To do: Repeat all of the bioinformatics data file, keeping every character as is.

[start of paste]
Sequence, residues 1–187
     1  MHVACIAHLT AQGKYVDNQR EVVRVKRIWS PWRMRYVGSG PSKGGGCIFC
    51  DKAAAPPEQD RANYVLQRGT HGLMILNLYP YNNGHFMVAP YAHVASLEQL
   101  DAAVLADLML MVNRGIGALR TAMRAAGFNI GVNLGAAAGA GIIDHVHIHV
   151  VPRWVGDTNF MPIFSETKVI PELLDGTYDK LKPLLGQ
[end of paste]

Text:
Sequence, residues 1–187
     1  MHVACIAHLT AQGKYVDNQR EVVRVKRIWS PWRMRYVGSG PSKGGGCIFC
    51  DKAAAPPEQD RANYVLQRGT HGLMILNLYP YNNGHFMVAP YAHVASLEQL
   101  DAAVLADLML MVNRGIGALR TAMRAAGFNI GVNLGAAAGA GIIDHVHIHV
   151  VPRWVGDTNF MPIFSETKVI PELLDGTYDK LKPLLGQ